10. 10. Product Versus Service Revenues Over Product Life Cycle INTRODUCTION GROWTH MATURATION PRODUCT SALESREVENUE SERVICE SALES TIME
  11. 11. PRODUCT VERSUS SERVICE SUPPORT REVENUE STREAM CONTRIBUTION CUMULATIVE REVENUE STREAMREVENUE INSTALLATION $ PRODUCT INITIAL MAINTENANCE & REPAIR WARRANTY 1 2 3 4 5 6 YEARS
  12. 12. STRATEGIC SERVICE VALUES SERVICE VALUES KEY FACTORS • Service is most critical to the customer in finalDIRECTLY INFLUENCING SALES Selection decision AND ADDING VALUE • Service adds value • Customers are willing to pay for the Service directlyGENERATING REVENUE AND PROFITS DIRECTLY • Customer’s willingness to pay is Based on value in use – not cost • Service customers tend to stay with PROVIDING MARKET Provider once satisfied CONTROL • Perceived satisfaction levels generate substantial loyalty ART-160- PC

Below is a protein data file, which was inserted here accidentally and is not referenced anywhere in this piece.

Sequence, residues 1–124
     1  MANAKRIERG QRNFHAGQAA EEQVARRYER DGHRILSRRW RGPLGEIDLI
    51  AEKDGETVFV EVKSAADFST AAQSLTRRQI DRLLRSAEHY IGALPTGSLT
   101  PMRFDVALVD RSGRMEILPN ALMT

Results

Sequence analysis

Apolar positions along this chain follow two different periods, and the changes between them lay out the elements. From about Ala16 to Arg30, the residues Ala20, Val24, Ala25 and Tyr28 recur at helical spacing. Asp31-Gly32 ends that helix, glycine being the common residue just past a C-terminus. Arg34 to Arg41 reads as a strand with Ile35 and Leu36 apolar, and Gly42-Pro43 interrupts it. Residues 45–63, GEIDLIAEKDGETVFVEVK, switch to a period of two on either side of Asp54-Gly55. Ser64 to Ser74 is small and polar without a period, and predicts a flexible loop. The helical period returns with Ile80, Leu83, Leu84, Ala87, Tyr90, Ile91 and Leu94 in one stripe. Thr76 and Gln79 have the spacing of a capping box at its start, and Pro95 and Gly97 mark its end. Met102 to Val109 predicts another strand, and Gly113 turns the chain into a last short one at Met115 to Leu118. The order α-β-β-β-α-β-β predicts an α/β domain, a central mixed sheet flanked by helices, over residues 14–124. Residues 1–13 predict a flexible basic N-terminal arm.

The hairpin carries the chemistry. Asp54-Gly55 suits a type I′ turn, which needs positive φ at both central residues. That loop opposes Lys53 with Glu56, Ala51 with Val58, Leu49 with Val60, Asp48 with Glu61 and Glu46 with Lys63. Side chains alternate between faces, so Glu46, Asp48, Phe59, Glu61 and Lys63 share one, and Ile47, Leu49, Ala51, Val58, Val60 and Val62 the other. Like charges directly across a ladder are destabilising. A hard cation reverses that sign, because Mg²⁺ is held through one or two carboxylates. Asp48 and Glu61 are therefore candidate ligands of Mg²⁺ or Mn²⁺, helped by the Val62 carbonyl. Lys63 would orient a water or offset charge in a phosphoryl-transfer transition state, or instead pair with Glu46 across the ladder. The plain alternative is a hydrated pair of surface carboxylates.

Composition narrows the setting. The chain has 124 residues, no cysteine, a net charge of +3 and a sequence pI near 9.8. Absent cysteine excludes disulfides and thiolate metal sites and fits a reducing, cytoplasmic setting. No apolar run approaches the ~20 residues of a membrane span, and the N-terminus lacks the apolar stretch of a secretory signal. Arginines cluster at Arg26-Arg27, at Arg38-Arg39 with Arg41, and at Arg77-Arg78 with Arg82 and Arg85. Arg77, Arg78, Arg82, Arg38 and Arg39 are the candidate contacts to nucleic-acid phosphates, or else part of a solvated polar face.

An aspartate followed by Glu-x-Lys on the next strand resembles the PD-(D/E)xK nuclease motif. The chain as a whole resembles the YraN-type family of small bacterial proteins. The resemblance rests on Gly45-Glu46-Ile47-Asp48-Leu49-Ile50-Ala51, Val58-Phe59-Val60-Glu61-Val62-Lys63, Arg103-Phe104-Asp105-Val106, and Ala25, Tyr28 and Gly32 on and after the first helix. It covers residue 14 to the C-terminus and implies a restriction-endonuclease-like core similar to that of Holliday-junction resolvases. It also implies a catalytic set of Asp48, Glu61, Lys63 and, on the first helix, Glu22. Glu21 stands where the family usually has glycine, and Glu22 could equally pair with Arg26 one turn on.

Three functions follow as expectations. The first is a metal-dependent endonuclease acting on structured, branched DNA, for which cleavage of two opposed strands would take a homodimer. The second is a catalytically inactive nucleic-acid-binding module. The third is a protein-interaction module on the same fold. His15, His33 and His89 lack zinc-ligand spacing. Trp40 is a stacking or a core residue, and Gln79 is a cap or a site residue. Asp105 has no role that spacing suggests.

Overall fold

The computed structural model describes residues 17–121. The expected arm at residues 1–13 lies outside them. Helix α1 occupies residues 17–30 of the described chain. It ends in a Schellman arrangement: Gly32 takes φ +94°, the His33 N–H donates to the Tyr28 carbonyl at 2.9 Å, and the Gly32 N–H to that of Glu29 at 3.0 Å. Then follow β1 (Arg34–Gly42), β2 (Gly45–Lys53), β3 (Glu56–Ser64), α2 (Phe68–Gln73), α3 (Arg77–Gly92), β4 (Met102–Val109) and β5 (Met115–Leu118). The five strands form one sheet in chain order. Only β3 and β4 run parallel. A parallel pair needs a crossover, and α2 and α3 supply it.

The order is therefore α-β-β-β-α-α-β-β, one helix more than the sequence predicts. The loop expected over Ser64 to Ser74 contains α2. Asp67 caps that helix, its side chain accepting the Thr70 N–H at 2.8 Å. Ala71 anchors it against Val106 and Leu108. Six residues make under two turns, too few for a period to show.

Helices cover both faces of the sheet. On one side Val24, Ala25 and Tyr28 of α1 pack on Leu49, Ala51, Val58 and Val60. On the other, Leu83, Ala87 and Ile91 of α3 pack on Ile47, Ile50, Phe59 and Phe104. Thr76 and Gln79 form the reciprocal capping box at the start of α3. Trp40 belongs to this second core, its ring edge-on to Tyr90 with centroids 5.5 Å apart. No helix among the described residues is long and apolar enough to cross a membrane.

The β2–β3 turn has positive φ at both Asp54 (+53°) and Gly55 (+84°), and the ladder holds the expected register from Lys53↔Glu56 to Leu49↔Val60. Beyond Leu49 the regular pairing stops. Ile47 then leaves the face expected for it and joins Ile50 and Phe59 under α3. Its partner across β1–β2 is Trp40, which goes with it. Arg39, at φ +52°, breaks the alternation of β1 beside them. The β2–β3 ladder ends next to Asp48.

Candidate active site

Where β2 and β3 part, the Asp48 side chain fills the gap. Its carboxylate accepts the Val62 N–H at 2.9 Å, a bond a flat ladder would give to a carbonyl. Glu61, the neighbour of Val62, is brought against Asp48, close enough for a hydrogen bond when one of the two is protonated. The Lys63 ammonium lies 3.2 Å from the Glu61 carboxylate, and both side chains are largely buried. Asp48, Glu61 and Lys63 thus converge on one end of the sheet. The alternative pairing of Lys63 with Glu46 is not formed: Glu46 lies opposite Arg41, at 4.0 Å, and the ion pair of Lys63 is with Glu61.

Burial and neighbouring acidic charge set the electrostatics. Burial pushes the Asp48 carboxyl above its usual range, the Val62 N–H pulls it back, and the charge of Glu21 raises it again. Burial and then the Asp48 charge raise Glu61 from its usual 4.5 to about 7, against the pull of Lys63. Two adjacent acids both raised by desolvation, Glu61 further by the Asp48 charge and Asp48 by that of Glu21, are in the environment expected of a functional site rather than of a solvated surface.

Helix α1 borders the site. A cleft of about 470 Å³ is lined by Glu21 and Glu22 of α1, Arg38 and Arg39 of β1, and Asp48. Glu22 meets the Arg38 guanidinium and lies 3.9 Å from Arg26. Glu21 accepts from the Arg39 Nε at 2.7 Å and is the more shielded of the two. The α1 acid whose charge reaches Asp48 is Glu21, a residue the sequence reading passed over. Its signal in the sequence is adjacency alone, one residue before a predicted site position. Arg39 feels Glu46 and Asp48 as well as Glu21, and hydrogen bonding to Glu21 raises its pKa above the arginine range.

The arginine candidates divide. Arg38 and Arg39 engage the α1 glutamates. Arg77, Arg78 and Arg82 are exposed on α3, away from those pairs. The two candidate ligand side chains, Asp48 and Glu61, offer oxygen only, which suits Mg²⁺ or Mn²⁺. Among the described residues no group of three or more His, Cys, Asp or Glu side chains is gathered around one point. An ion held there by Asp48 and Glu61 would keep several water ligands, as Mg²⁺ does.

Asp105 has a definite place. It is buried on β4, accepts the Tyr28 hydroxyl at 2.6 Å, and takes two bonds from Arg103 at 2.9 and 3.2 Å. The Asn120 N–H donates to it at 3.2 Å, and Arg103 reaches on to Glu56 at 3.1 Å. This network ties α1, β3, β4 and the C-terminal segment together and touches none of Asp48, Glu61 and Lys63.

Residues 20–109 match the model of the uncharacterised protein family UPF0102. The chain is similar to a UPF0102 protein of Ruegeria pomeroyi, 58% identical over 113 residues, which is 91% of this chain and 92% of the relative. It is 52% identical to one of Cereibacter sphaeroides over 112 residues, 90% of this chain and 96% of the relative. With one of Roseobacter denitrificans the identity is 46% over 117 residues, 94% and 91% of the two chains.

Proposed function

13. 13. CRITICAL TIME FACTORS IN SERVICE ISSUES - CHECK CASHING SERVICES - BANK A BANK B BANK C
  14. 14. Relationship of Desired Service Completion Time to Customer Satisfaction Levels 80 % RESPONDENTS % DESIRED SERVICE COMPLETION TIME 100 % SERVICESATISFACTION LEVEL 50 % SERVICE PERFORMANCE TIME
  15. 15. Service Price Elasticity of Demand QUALITY SURROGATE HIGHER HIGHLY INELASTICDEMAND LINEAR OR NEAR LINEAR LOWER HIGHLY ELASTIC LOWER HIGHER PRICE
  16. 16. Product / Service Cross Elasticity Alternatives HIGH SERVICE / PRODUCT PRODUCT BIASED CROSS LOW CROSS ELASTICITY ELASTICITY; PRODUCT PULLS THROUGH SERVICE SALESPRODUCTDEMAND SERVICE BIASED LOW CROSS ELASTICITY; SERVICE PULLS THROUGH PRODUCT SALES SERVICE PRICE
  17. 17. Marketing Components of Product and Services MARKET PRODUCTS DIMENSIONS SERVICE FORM, FIT AND YES YES FUNCTION PERCEPTION, LABEL YES YESADDED VALUE OF LABEL OR PERCEPTION FOR 10 - 25 % 50 - 500 %EQUIVALENT FORM, FIT, AND FUNCTION
  18. 18. Conclusion 500 Office Center Drive Suite 400 Ft. Washington, PA 19034 Phone: 855-643-9060 Ext. 703 Website: www.blumberg-advisor.com Email: michaelb@blumberg-advisor.com

×